Battlefield wounds sustained in a split-second can take years to heal. Thanks to your support, we are funding a world-leading study which follows-up on the health needs of Veterans and Servicemen years after they were injured in places like Afghanistan or Iraq.
Lance Corporal John Herbert’s life was changed forever in 2008, when an Army Land Rover he was patrolling behind in Afghanistan’s Helmand province was blown up by an improvised explosive device (IED). John suffered a brain haemorrhage, multiple lacerations and was blinded for three weeks.
Eleven years on, John still finds splinters of glass, plastic and metal appearing under his skin. Some of them he is able to prise out, others cause him to cut himself when he shaves. Almost daily, he is reminded of the damage the blast did and he is worried about the long-term effect on his body. Will the shrapnel under his skin poison his blood or tissue, and how will his brain injury affect him in the years to come?
John’s story is sadly not uncommon. During the conflict in Afghanistan alone, 2,188 military personnel were admitted to field hospitals, many with life-changing injuries*.
While many of those injured have since undergone extensive rehabilitation, their stories do not end there.
The Advance Study, funded by Help for Heroes and the Ministry of Defence (MOD), is studying the long-term health and welfare of people who were wounded like John. Expert clinicians are comparing everything from bone density to cholesterol levels and lung capacity to work out what wider impact being wounded might have on a Veteran’s overall health.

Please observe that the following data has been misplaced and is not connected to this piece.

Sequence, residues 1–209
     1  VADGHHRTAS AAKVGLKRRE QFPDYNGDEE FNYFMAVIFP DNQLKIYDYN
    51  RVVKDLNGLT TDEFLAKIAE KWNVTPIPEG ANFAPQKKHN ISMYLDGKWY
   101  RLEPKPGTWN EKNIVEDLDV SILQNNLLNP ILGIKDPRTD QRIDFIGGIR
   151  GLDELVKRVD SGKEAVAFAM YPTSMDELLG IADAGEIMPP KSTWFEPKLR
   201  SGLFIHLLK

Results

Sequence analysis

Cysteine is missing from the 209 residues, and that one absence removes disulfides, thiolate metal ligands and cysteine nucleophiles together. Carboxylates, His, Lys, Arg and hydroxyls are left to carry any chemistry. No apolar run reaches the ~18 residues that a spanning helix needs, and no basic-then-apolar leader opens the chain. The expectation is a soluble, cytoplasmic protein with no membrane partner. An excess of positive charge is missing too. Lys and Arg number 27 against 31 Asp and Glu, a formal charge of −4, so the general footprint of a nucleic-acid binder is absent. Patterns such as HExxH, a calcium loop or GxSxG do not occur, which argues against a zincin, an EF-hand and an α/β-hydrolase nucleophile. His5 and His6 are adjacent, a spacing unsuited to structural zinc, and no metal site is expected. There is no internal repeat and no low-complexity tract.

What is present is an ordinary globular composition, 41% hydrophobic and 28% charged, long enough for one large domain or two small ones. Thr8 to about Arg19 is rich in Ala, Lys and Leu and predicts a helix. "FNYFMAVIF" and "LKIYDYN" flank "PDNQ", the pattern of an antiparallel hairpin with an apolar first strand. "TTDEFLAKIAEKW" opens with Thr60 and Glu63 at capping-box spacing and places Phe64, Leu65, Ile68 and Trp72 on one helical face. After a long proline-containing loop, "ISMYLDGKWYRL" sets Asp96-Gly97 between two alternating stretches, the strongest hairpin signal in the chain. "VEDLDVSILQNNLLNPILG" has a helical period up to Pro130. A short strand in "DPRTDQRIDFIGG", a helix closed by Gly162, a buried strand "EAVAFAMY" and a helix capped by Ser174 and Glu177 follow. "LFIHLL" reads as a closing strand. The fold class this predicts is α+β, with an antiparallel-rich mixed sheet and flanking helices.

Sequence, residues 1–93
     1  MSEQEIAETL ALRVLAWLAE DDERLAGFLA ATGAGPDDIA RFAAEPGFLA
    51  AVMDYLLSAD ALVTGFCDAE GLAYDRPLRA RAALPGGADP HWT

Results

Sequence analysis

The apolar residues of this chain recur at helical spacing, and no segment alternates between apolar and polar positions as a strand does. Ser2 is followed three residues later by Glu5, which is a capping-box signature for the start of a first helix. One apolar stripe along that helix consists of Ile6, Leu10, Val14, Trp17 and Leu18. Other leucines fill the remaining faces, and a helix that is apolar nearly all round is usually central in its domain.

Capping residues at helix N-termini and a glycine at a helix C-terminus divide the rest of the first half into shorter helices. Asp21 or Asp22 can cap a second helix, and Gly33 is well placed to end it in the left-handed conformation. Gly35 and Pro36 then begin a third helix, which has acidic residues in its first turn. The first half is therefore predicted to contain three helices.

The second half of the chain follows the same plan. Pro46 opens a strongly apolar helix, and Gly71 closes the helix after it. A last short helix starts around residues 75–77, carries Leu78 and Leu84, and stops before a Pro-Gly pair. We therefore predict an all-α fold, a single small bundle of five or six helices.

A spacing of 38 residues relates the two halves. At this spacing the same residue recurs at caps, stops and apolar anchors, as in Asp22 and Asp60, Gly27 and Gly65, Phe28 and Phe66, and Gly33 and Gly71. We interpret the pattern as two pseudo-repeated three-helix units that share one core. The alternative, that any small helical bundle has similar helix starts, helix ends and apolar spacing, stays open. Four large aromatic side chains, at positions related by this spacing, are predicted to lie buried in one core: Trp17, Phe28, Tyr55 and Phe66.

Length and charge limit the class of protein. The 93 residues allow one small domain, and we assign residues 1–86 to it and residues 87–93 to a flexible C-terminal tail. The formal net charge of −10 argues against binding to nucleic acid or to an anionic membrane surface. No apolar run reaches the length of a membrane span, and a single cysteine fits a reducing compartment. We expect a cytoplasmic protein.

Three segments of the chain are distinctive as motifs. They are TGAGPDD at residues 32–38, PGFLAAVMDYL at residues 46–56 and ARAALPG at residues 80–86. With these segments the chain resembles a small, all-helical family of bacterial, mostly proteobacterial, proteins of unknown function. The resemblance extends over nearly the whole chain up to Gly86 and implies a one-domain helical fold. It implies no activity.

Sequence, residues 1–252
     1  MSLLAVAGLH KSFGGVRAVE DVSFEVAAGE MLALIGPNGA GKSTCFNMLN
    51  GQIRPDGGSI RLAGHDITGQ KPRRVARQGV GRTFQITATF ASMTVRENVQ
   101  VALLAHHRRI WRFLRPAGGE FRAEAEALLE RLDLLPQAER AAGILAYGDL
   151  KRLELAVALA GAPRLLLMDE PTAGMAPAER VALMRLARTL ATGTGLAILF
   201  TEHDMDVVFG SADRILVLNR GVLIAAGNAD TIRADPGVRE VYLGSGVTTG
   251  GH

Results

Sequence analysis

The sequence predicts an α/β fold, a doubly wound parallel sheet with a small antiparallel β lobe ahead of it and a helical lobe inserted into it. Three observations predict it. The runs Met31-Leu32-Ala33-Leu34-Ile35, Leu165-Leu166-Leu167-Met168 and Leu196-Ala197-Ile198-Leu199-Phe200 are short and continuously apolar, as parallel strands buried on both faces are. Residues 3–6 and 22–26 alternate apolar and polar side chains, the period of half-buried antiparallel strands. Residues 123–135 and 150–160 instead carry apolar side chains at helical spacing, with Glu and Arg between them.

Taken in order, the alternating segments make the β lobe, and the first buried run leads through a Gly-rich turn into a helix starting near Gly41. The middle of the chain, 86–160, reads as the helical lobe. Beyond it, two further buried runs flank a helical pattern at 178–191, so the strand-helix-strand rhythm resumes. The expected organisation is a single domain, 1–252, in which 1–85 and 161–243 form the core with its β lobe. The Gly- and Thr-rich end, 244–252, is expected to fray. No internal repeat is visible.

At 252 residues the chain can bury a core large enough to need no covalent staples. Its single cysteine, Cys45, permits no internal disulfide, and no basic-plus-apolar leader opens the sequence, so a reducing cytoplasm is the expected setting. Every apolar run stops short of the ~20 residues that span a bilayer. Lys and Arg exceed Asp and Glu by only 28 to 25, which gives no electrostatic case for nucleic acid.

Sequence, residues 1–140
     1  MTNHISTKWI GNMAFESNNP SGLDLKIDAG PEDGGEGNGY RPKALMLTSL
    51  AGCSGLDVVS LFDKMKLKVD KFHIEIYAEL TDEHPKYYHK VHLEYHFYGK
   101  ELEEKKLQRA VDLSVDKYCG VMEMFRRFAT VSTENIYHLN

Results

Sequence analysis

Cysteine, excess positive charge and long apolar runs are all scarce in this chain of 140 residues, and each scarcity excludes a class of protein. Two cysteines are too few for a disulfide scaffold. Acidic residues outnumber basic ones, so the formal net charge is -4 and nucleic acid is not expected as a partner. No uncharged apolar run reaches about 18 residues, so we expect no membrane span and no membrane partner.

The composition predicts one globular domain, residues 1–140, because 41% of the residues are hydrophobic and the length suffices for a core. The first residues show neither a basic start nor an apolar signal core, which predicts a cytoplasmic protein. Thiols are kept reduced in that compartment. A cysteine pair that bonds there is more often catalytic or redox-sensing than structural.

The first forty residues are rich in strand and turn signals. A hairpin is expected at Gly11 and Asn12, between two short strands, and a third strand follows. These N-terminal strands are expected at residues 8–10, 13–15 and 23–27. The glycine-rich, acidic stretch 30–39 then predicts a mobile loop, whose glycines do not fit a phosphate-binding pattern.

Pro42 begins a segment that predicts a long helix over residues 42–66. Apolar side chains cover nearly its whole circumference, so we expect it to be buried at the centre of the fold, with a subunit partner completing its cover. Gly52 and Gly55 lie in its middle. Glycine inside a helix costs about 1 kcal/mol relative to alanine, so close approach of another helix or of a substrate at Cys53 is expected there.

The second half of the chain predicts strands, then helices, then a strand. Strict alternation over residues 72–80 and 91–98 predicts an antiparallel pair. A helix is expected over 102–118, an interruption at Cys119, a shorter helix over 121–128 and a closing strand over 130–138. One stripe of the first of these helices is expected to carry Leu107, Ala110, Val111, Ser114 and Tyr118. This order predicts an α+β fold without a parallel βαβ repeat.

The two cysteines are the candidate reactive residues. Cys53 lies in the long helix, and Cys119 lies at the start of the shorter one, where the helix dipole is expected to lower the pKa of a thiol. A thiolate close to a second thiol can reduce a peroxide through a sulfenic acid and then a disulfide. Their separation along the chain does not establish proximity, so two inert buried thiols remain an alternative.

Not only will this help us to best support them as they are discharged from the Armed Services, it might help prevent further long-term damage amongst future generations.
John is one of over 1,000 taking part in the study. He believes that doing so will address some of the uncertainty that he and his family feel they currently face in the years ahead.
“Taking part in the Advance Study means a lot to me, it feels like people actually care. I think people do understand (some of the needs of injured Veterans) but that there’s a lot still to learn,” says John.
Staff Sergeant Craig Davis is also taking part. Craig has never been wounded but is part of a control group which is also crucial to the study; by comparing personnel of the same age, some wounded and some not, the experts can work out what hidden, long-term damage the wounded body might have sustained. Keen to do something to help those less fortunate than him, Craig gave up some of his Leave and flew from his unit in Germany to the UK to help with the study.
“I’m taking part not only to understand what my own body has been through in during 17 years of army service, but also to help the team gather knowledge that will hopefully improve (the lives of those injured). I feel privileged to be taking part,” he says.
The Advance Study’s initial findings are due later this year.
It’s thanks to your support that we are able to help pay for work like this, and to make a promise to people like John that we are doing all we can to support their needs, now and in the future.
Taking part in the Advance Study
ADVANCE is studying a group of combat casualties and combat Veterans selected by Defence Statistics as fitting the following essential criteria:
- UK Armed Forces personnel
- Aged under 50 when deployed to Iraq or Afghanistan
- Aeromedically evacuated from theatre directly to a UK hospital OR matched for age, rank and role in theatre with somebody who was aeromedically evacuated
Anyone interested in taking part or wondering about eligibility, please email email@example.com or telephone 01509 251500, ext 3408